SYRIA – What happened to the diplomatic process to stop the conflict in Syria?

assadIn an interview on the BBC programme The Andrew Marr Show, foreign secretary, William Hague, said that the UK government did not rule out the possibility of arming Syrian rebels, and denounced Syria’s president, Bashar Al-Assad as delusional.

It seems that the west, and in particular the UK, are intent on arming the rebel faction, which includes significant numbers of al-Qaeda extremists, and put diplomatic solutions to one side in favour of military action.

This is despite Assad stating quite clearly that his government is willing to enter into diplomatic dialogue to bring an end to the suffering being inflicted on the people of Syria. In early February, both the Syrian government and the leaders of the opposition said they would enter into talks.

On February 5th, Moaz al-Khatib, president of the Syrian Opposition Coalition, urged President Bashar Assad to respond positively to the call for dialogue. “The regime must take a clear stand (on dialogue), and we say we will extend our hand for the interest of people and to help the regime leave peacefully,” he said in comments to Al Jazeera. The opposition had previously rejected any negotiations with the government, but now al-Khatib says he is ready to meet Vice President Faruq al-Sharaa.

On February 7th, after the Syrian opposition sought dialogue, the Assad government said they were ready to talk and find a solution. And both sides have said they will continue to seek a diplomatic solution past deadlines the opposition set for the release of women prisoners on February 10th.

But it seems that western governments are failing to take advantage of opportunities to bring the bloodshed to an end, and are pushing forward at all costs with the arming of the opposition.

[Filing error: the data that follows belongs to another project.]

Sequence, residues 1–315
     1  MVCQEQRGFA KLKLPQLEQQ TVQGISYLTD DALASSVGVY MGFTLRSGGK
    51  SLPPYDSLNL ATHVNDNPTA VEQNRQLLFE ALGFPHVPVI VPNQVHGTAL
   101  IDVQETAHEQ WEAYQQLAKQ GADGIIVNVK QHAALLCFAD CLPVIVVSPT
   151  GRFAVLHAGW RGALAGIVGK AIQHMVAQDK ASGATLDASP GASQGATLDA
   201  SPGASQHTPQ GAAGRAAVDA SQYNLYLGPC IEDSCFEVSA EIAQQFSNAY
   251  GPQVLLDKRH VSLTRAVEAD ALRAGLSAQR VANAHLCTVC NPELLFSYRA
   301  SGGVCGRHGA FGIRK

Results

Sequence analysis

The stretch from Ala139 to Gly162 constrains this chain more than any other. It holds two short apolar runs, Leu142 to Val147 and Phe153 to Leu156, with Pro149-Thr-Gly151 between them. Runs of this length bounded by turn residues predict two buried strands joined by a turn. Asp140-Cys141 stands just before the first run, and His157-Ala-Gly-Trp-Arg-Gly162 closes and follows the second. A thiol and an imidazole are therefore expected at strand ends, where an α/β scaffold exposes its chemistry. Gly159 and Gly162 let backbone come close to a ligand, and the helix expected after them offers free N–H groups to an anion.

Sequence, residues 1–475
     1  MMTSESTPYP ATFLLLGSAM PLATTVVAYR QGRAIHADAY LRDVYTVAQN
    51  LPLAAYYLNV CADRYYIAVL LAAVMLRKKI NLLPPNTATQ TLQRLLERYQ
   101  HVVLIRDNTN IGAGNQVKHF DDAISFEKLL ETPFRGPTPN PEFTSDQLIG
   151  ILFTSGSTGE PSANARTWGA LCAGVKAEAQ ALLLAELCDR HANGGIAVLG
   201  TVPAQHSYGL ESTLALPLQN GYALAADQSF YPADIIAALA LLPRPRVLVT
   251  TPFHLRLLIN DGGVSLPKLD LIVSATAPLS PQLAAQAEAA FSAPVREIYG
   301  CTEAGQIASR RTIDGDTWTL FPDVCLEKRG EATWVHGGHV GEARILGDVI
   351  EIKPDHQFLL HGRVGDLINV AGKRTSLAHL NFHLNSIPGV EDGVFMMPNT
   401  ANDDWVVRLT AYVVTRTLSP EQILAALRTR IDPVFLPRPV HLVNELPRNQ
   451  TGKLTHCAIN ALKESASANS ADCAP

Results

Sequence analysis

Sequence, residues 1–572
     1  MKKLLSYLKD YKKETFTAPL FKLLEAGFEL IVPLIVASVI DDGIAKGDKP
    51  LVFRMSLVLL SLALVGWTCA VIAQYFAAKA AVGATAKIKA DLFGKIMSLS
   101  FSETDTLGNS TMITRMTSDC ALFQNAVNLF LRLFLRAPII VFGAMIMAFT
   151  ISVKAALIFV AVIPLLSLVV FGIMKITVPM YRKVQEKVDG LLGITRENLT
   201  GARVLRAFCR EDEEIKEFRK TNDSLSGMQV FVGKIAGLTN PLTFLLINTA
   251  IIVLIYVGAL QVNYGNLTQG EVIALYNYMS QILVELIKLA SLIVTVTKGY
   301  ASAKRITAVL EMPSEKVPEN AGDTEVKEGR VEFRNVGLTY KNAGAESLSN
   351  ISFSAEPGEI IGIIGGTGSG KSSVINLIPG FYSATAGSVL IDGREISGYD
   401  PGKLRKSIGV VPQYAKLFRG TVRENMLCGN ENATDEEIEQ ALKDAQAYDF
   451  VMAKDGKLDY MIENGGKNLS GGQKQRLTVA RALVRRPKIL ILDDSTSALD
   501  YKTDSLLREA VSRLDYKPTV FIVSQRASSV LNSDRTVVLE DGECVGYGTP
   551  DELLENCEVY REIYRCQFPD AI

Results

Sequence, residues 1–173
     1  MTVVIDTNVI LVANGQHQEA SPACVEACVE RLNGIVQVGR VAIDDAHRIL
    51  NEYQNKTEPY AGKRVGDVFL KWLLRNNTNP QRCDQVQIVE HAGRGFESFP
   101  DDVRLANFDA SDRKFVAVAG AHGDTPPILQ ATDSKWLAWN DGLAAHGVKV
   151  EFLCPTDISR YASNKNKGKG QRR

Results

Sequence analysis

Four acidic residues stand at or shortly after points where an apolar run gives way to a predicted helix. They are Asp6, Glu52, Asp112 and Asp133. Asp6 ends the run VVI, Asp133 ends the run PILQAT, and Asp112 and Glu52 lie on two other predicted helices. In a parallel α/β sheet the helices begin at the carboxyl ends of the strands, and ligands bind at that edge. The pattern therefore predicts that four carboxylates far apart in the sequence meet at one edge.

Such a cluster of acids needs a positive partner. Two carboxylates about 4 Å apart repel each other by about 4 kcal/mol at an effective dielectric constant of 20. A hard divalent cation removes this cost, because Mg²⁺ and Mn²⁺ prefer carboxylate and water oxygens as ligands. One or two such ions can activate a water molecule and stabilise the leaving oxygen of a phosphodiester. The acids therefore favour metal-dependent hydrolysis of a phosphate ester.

On February 15th, Hague warned that Syria is not the “number one” destination of jihadists, who could then return to Europe experienced “in weapons and explosives” to carry out terror attacks.

If this were a true concern, why would Hague advocate providing military assistance and arms to jihadists already fighting in the country, it just makes no sense at all and is contradictory.

Far from bringing the Syrian conflict to an end, the provision of military support and armaments will put resources in the hand of people who will use them for terrorist purposes, if the government are to be believed.

The fact that both sides in the conflict are willing to engage in a diplomatic solution should be the main focus of the international community, and their resources should be spent on that rather than pursuing more military action which can only result in more pain and suffering inflicted by both sides for the ordinary people.

It seems that western governments have a vested interest in maintaining instability in Syria until they can install a puppet government, a tactic we have seen many times before, especially in the Middle-East.

From recent events, it seems that these governments don’t give a damn about the people who live in these countries and are only intent on achieving their own power and control agenda.

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